By: Sarah Jones
February 25, 2016
Being popular does not always lead to strong word of mouth, according to a recent survey of affluent men conducted by the Luxury Institute.
The top five brands listed in the men’s consideration sets were not the same as the five they would be most keen to endorse to family and friends. With luxury consumers, particularly those in emerging markets, becoming more sophisticated shoppers, smaller boutique labels have the opportunity to expand awareness by leveraging the recommendations of existing clientele.
“With technology and information at the tip of everyone’s fingertips, customers are becoming much more aware and interested in the boutique and ‘in-the-know’ brands,” said Milton Pedraza, founder and CEO of Luxury Institute. “The customer is better informed not only about the product, but also every aspect of a company’s brand values down to the supply chain.
“The most recognizable brands still have a major advantage, but with the customer’s ability to access product and brand information like never before, these companies are held under a microscope and their clients are willing and able to move to another brand at any moment.”
Luxury Institute’s latest Luxury Brands Status Index polled 3,900 affluent men from the top seven wealthiest nations about 42 menswear brands. Individuals had annual household incomes of at least $150,000 in the United States; 60,000 pounds in the United Kingdom; 50,000 euro in France, Germany and Italy; 1 million yuan in China and 150 million yen in Japan.
Consumers were asked how much they agreed with four statements about each brand in question: “This brand delivers consistently superior quality,” “This brand is truly unique and exclusive,” “This brand is purchased by people who are admired and respected” and “This brand makes its buyers feel special across the full customer experience.”
The resulting LBSI ranges from one to 10 and represents an average of all respondents’ scores for the label.
According to the study, Isaia is the most effective at making consumers feel special across the entire purchase experience. The brand is perceived as being a label respected, admired men wear and buy.
While the Italian label is not widely known, with only 3 percent of those surveyed aware of the brand, the relatively small population that is familiar feels very strongly about the brand’s quality. Seventy-five percent of those who know Isaia would recommended it to other consumers.
The top five brands based on status were all small Italian designers with comparably limited awareness. Besides Isaia, men are most willing to endorse Loro Piana, Brunello Cucinelli, Brioni and Ermenegildo Zegna.
Illustration by Loro Piana
On the opposite side of the spectrum is Calvin Klein, which men were most likely to have purchased in the past year. Despite its popularity among affluent male shoppers, Calvin Klein’s LBSI score is lowest among the brands studied.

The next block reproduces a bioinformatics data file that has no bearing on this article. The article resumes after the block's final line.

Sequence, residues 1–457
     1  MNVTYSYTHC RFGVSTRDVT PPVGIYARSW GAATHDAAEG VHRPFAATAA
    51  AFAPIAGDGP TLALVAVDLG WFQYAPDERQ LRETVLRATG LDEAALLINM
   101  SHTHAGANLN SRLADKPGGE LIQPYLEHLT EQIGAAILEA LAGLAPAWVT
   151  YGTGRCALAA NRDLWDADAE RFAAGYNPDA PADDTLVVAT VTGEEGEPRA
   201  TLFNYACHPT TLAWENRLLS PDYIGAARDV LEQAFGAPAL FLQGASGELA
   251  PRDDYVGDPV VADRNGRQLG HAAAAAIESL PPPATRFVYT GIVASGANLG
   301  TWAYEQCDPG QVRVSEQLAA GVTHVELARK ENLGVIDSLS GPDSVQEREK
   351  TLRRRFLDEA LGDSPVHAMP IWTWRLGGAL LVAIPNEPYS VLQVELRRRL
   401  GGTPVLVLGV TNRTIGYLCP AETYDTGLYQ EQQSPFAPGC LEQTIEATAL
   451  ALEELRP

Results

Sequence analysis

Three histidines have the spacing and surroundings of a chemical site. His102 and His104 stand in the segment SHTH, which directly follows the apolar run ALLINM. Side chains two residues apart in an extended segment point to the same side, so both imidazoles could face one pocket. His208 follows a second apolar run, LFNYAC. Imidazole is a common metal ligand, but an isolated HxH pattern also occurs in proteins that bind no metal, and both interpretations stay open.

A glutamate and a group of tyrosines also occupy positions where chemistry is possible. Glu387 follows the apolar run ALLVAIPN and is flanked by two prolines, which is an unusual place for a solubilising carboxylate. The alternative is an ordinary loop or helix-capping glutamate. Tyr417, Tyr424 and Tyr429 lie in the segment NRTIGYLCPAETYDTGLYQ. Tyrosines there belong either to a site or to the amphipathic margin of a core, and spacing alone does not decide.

Next in popularity is Ralph Lauren, which topped the list of brands considered for the next apparel purchase. Rounding out the top five most well-known and frequently purchased labels are Hugo Boss, Burberry and Giorgio Armani.
When it comes to high prices, affluent men feel that Hermès, Brioni, Ermenegildo Zegna and Loro Piana are the most worthy of premium price points. Armani, which came in fifth, was the only brand ranked at the top of the list for price justification and purchase intent.
“Quality, while extremely important, is only one factor that contributes to the success of a brand,” Mr. Pedraza said. “While Loro Piana and Gianluca Isaia scored highest in the Superior Quality LBSI score, they were also among the lowest ranked in Brand Familiarity.
“The consumers’ considerations for next purchase coincide closely with brand familiarity, likely because customers want certainty in their purchases, especially in a downward economy,” he said. “The trusted and familiar brands provide that.”
A similar Luxury Institute survey of affluent women yielded complementary results, showing that both male and female clientele may have more esteem for the labels they are not currently buying from (see story).
Affluent consumers still care about a brand’s rarity, with less common labels having better appeal.
Exclusivity and desirability go hand in hand for China’s wealthy, with the same brands ranked in the top five for both characteristics in a recent study by Promise Consulting and BNP Exane.
Hermès takes home top prize for exclusivity, which measures the consistent quality of goods, the brand’s prestige, the valuation of the brand’s customers and its ability to justify a high price point. Chinese consumers are generally becoming more sophisticated luxury consumers, making for tougher competition between labels for their attention and affection (see story).
For brands with a strong, loyal following, social media makes it easier for word-of-mouth recommendations to spread. Particularly among luxury consumers, a referral can have a large impact on purchase decisions.
According to a recent report by The Future Laboratory, the luxurian demographic relies heavily on the recommendations of friends and family. Many respondents shared that they ask for information and opinions of their peers before purchasing a luxury good or service.
Overall, 23 percent of respondents refer to peers when contemplating a purchase, showing that word of mouth remains powerful in the luxury goods sector (see story).
“Isaia has an incredible opportunity to increase recognition and awareness through relationship building at the front-line level, referral programs and word of mouth generation,” Mr. Pedraza said. “Using social media platforms to appeal to millennials and producing information for customers to review will draw in new consumers.
“Because of their exceptional ranks in quality and customer experience, they have an advantage that will allow brand referrals to spread quickly.”